Hafez was bold enough to repeat the meaning (not the words) in the lines of
his sonnets. His use of synonymous words and phrases is evidence of this fact.
Hafez is unique in paying attention to and employing the subtle differences
between words which have similar meanings. He not only pays attention to
the synonymous words but also takes account of the opposite meanings of
such keywords as synonym; he substitutes apparently synonymous words and
uses each word in the appropriate context of words and phrases in the lines
composed. He does not use the similar concepts in the form of a stretch of
words coming in a sequence. Instead, he substitutes the second word in a
separate sentence with the first word. This is his unique way of creating new
meanings. The arrangement of synonymous words, attending to the subtle
differences between words and their use in appropriate contexts have given
Hafez a special ability to create new meanings. This technique has also led to
new paradoxes and sweet scoffing. By so doing, he ascends to the figurative
meaning of the language. This happens in 5% of Hafez’ lines seeking new
structures and meanings.
Keywords: Synonym; Substitution; Meaning-creation; Sonnet; Haez.
20 Persian Language and Literature, Vol. 71, Issue 238, Fall & Winter 2018- 2019
In total, in the lyrics of Hafez, that is 4193 verses, around 214 verses
with synonyms words or phrases have been used. This number
constitutes about 5% of his verses. Hafez has considered ways to create
synonymous concepts; for example, he makes sentences, phrases, or
synonymic combinations. Hafez knows that each word has different
semantic components. Since no two terms are, in all their meanings,
mutually conflicting or synonymous, placing synonymous or opposing
components creates conflict or synonymy between the words. By
contrasting synonymous or opposite components, it creates a conflict or
synonymy among words. Hafez has a particular technique in the use of
synonymous vocabulary. He does not bring the synonymous words
together, but he replaces one word with another one in two independent
sentences. This makes it possible, in addition, to repeat part of the
meaning of a synonym, and the second term also maintains its semantic
independence. This leads to the repetition of a part of the meaning of
the first word, and the second term also maintains its semantic
autonomy. It also shows other dimensions of the meaning of the word.
This increases the meaning of the verse. This method gives power to
Hafiz to create new and multi-lateral meanings. In addition, he also
recognizes the integrity of a word with semantic and grammatical
capabilities. In addition, Hafez is familiar with methods for creating a
semantic relationship among the words. Hafez, through his close look,
sees the hidden virtual relationships among vocabularies, and by
substituting these words, he brings them together in that part of meaning
and relationship. Another point is Hafez's attention to meaning
difference in vocabularies in different contexts. This awareness gave
him the power to even identify conflicting vocabulary (water and fire)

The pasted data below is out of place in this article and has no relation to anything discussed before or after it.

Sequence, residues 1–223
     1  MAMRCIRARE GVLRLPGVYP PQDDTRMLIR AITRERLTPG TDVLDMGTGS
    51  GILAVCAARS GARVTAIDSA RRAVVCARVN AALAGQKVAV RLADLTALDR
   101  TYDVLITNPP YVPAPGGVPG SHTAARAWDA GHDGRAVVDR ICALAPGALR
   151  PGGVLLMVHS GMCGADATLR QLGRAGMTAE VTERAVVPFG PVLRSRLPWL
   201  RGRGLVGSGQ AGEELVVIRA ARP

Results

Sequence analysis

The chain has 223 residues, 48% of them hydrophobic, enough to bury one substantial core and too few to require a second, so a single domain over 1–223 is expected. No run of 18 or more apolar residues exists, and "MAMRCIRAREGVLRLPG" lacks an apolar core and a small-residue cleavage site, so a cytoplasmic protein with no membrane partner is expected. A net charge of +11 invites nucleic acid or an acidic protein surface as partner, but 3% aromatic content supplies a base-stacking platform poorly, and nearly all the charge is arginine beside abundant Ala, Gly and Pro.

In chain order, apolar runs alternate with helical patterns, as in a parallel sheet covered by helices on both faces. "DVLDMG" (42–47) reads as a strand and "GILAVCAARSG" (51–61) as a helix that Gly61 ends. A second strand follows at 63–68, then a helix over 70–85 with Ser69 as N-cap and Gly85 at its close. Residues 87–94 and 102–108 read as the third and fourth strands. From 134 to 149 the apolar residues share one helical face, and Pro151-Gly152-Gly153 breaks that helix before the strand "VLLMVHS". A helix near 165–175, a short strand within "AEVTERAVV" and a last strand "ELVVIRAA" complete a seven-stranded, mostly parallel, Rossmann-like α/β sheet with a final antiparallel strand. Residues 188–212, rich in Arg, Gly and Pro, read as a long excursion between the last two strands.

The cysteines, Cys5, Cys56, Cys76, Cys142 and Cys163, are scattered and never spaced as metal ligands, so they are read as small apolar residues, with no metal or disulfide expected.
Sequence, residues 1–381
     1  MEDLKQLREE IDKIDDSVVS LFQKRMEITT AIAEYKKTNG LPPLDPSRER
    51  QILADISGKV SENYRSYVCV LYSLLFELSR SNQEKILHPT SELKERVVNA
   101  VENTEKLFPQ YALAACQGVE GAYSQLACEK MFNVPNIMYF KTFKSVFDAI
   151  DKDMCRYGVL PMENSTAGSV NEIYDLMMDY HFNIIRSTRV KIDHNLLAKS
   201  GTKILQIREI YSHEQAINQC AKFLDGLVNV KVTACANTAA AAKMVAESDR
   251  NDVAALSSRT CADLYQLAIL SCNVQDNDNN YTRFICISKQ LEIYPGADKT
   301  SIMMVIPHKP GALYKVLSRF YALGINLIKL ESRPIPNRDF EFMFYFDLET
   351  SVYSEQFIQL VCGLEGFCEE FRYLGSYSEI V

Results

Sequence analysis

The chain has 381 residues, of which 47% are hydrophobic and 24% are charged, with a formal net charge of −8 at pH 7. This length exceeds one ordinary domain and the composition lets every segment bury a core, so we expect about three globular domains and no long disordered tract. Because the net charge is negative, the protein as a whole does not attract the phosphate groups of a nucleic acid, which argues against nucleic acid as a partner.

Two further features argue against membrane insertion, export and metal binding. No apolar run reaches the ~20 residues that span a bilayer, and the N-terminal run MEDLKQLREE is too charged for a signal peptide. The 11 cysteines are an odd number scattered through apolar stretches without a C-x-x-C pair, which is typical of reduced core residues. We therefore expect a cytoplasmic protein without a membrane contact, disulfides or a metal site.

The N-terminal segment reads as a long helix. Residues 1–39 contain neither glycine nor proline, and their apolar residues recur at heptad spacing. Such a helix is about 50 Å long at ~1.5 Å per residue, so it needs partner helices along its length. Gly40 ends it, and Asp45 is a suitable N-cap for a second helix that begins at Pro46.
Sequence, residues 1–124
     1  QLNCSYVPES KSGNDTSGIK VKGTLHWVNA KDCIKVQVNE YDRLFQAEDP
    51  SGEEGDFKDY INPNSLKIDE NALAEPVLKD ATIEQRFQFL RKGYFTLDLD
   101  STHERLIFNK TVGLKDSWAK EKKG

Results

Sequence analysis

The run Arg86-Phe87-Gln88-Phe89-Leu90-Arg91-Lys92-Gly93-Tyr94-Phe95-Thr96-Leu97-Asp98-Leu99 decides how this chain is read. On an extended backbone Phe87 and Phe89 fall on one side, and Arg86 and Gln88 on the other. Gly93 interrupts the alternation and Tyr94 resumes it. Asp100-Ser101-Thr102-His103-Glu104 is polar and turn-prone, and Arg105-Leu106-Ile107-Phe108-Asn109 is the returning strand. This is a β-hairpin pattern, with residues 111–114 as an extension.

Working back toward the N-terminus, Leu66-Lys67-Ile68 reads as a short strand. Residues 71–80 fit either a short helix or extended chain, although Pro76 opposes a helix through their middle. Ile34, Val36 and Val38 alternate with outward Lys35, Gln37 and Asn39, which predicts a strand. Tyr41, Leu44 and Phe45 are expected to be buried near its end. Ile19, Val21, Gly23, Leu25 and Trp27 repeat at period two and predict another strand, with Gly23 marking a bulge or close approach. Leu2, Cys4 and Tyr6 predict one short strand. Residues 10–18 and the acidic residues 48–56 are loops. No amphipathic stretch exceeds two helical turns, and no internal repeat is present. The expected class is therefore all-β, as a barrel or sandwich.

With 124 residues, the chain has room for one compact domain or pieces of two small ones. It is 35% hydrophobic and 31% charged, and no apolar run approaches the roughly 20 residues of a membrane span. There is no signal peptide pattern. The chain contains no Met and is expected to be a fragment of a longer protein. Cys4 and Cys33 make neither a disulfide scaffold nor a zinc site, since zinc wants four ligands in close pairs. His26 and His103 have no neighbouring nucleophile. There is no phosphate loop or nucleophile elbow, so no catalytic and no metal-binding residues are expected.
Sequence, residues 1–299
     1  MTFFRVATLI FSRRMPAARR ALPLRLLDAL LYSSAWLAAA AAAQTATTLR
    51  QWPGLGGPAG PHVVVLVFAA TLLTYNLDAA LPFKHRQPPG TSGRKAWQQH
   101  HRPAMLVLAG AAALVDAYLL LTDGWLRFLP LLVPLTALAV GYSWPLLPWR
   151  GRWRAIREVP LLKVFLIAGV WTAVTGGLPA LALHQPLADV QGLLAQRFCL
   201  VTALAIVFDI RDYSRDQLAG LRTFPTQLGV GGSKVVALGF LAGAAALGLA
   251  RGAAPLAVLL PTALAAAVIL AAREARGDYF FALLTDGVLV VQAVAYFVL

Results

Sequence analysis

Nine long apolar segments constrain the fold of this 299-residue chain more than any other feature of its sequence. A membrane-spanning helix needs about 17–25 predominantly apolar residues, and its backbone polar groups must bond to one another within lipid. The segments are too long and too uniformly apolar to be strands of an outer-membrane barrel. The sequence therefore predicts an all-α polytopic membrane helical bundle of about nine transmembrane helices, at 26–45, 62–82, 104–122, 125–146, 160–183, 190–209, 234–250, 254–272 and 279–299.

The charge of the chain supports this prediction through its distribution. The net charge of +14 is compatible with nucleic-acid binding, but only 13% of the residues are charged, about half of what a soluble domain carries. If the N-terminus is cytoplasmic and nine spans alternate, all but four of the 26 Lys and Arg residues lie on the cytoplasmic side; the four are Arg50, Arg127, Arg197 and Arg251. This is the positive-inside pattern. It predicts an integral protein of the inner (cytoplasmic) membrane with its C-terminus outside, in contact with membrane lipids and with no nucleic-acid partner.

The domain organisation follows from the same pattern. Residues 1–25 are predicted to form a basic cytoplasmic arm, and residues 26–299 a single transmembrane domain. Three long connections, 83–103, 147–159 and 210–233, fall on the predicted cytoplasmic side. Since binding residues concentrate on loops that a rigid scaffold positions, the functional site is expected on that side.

in allusion phrases (water of wreckage and fire of the tavern).
Sometimes Hafez, in order to create a synonymy between concepts,
uses the semantic components of a term in a descriptive phrase or
sentence, and he replaces that descriptive phrase or sentence with that
term. Of course, these descriptive phrases do not always refer to the true
meaning of the word. Sometimes these descriptive phrases signify the
allusive meaning of the word. This method is equivalent to descriptive
semantics which linguists interpret as semantic descriptive or analytic.
The last point is that Hafez, for the sole purpose of interpreting the
Substituting Synonymous Vocabulary in Hafez's Sonnets 21
vocabulary, does not use synonymous concepts; but, using the
synonymous concepts substitution method, he uses the word and
meaning to serve rhetorical performances in his verses. We refer to a
number of artistic functions of this method:
1. Creating paradox and wonder in the meaning of the verse.
2. In synonymizing vocabulary, he considers the different
semantic functions of words. And by replacing the vocabulary,
in addition to the common meaning, he also uses different
meanings. This adds up to the scope of the meaning of verse
3. Sometimes he substitute two-dimensional vocabulary and in
addition to syntax, also creates ambiguity. In Hafez's verses,
about 28 percent of synonyms are also ambiguous.
4. The vocabulary also replaces each other with different semantic
5. Sometimes, he replaces descriptive combinations and phrases
with vocabulary and phrases for synonyms.
6. Hafez, in addition to creating synonyms, also considers the
phonetic proportions, and the increase of verse music; hence, in
the choice of vocabulary, he attends to verbal proportions with
7. The most important point to be considered is proportions. This
means that Hafez has a comprehensive understanding of words;
and knows semantic functions of the word and knows minor
differences in synonyms; he knows what a low or high meaning
a word has or for which context it is more suitable.
The abundance of synonymous meanings in Hafez's sonnets
The number of lines